Showing posts with label cider. Show all posts
Showing posts with label cider. Show all posts

Tuesday, November 1, 2016

Scrumpy!

A while back, when Mrs V and I were training to walk the West Highland Way, at least one day a weekend you would find us out in the mountains with our good friends Dave and Ali traipsing along trails. One of those weekends, and actually an Ali-less hike, we started out from Milam Gap in the Shenandoah National Park headed for the Lewis Falls. Perhaps the most unexpected thing we came across during the hike were feral apple trees.

Before this area was a national park, the Milam apple was a local staple cash crop, and there are some fascinating pictures of apple, and 'sider', sellers at the trail head. As we hiked back to the car we agreed to return in the autumn and glean as many apples as possible with a view to making our own cider. Thus a few weeks ago we returned with a couple of bags to fill with feral apples, mostly fairly small and tart, but a few bigger, blander ones as well - I also picked some thistle heads for making cheese with at some point.

There was however a problem, we didn't have a press with which to get at whatever juice was in the apples. Eventually though Dave decided to invest in a hydraulic press and we got together to see what we could get. First things first though, I must admit that this was a small scale project, just a half bushel or so of apples, and they really didn't look promising, as you can see.


Given the small scale of the project we decided not to worry too much about how we were going to grind the fruit, preferring to pound the apples to a pulp using a 2x4 and an aluminium brew pot.


The important part of this run was to test the press, and as you can see from the following pictures, it was a resounding success.




Once we were done, we had about a gallon and a half of fresh pressed apple juice ready to just sit around and let whatever wild yeast was on the apples do it's thing, and with it plans to increase production on the next run!


Said next run came a week later. Dave had been out walking his dogs around the Crozet area and noticed orchards with lots of dropped apples on the floor. Having inquired as to the ownership of said orchard he learnt that it was possible to glean fallen apples for a pittance, and thus we set a date and time to meet up and gather what we could between the three of us. Again Ali wasn't able to join us, but studying for her PhD defense was an acceptable reason.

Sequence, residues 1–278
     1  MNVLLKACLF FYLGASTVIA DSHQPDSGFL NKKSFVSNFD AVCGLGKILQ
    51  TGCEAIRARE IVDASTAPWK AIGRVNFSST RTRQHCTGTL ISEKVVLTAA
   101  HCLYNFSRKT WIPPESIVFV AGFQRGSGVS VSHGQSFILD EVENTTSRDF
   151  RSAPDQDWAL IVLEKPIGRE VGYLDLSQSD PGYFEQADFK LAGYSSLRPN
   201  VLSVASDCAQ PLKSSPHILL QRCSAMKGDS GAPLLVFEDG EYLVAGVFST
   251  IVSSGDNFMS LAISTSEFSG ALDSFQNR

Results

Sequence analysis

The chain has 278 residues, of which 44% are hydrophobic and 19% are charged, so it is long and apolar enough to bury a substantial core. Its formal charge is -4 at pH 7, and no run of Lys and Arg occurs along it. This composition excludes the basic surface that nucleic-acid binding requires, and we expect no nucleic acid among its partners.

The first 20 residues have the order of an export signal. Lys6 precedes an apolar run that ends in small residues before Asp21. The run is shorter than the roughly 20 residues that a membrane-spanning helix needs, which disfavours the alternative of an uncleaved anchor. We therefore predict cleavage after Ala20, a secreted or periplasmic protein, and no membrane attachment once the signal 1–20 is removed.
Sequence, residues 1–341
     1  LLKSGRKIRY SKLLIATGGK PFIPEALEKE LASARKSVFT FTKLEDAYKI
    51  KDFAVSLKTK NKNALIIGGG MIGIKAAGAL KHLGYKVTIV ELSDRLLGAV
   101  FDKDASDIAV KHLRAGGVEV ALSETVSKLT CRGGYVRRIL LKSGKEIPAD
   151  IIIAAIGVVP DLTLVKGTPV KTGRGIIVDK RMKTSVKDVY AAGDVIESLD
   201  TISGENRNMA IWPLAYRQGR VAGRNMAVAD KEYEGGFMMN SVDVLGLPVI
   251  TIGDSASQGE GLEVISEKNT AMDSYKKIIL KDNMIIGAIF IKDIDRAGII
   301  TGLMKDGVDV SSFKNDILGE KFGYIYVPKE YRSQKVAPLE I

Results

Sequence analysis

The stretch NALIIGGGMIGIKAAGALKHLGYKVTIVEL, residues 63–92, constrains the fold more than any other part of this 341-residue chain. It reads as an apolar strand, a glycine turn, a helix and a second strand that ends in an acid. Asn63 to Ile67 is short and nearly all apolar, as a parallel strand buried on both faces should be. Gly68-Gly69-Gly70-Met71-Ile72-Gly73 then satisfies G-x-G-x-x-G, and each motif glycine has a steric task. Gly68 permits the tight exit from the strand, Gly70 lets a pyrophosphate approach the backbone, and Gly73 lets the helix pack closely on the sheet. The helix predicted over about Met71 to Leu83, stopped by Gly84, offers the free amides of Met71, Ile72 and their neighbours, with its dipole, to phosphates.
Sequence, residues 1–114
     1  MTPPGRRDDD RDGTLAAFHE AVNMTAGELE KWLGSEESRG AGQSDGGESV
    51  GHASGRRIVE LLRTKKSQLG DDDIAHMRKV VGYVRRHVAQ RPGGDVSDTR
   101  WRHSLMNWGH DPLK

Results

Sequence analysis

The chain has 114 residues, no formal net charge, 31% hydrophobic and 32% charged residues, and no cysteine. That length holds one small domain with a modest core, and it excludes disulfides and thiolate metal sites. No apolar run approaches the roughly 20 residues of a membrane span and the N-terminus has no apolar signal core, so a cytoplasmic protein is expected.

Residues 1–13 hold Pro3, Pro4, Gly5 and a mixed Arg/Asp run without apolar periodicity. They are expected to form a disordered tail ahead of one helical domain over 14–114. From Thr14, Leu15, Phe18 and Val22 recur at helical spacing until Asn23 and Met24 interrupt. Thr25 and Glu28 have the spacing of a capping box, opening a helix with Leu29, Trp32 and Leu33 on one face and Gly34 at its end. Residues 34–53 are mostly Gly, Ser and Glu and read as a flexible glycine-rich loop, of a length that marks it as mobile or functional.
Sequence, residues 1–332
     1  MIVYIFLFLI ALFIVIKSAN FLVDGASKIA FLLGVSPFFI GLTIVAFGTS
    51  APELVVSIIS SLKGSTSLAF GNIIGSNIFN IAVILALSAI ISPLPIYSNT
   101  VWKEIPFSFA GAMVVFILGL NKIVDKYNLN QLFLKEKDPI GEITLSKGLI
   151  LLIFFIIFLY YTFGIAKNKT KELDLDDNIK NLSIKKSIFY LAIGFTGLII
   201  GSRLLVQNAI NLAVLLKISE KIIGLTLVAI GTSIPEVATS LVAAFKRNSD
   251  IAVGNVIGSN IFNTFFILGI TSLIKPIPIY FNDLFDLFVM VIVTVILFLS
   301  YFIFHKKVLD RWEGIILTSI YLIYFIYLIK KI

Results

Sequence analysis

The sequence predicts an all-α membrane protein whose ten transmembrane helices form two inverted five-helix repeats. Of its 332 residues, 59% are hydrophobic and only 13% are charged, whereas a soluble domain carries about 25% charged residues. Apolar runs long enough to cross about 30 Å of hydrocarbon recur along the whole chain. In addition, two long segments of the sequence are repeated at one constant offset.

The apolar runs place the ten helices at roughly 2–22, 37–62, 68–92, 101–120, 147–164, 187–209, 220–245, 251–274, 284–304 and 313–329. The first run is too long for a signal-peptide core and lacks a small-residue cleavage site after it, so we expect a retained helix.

Over the course of a couple of hours the three of us managed to glean about 4 bushels of fallen apples, gathered into burlap coffee sacks that weighed down Dave's car to a rather worrying extent.


We headed back to Dave's place to test out his even newer bit of kit, for he had built a grinder!


Having a grinder made short work of turning the shit ton of apples we had gathered into a respectable pulp for putting into cheeses in the press, and after a few hours of grinding, pressing, drinking Sierra Nevada Oktoberfest and my home brew best bitter, we ended up with 17 gallons of juice, all of which is fermenting away to make that most wonderful of glorious booze products, cider. Even though I am first and foremost a beer drinker, I do have a soft spot for cider, especially in summer, with a Ploughman's lunch....ahhhhh the idyll.


We paid $20 for the apples, which works out to $1.18 per gallon of juice, given 8 US pints in a US gallon, we will be drinking cider sometime next year for just $0.15 per pint. Not a bad return on investment for a couple of hours labour in an orchard, and then several hours drinking and pressing juice. Almost makes you wonder what the mark up is on commercial cider?

Monday, August 29, 2011

Cider Pork Roast

It was about this time in 2009 that Mrs Velkyal and I made our first attempt at making cider. I say "first" although in reality to date it is our only attempt at cider making, but it most certainly will not be the last. One thing we will remember to do next time is to prime the cider at bottling. I know there is a school of opinion out there that likes still cider, but I am most assuredly not a member of that particular persuasion. I like a little sparkle, not fizzy, but gently carbonated, the French would call it "pétillant", the Czechs have the wonderful phrase "jemně perlivá". My maple mead is lightly carbonated, and at nearly 10% abv all the better for it, but the cider is flat.